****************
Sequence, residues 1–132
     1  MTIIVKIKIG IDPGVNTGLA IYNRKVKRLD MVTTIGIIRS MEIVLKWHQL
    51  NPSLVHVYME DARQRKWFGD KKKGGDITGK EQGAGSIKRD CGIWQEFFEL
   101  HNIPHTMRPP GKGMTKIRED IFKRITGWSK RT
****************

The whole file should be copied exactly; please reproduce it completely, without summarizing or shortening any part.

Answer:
Sequence, residues 1–132
     1  MTIIVKIKIG IDPGVNTGLA IYNRKVKRLD MVTTIGIIRS MEIVLKWHQL
    51  NPSLVHVYME DARQRKWFGD KKKGGDITGK EQGAGSIKRD CGIWQEFFEL
   101  HNIPHTMRPP GKGMTKIRED IFKRITGWSK RT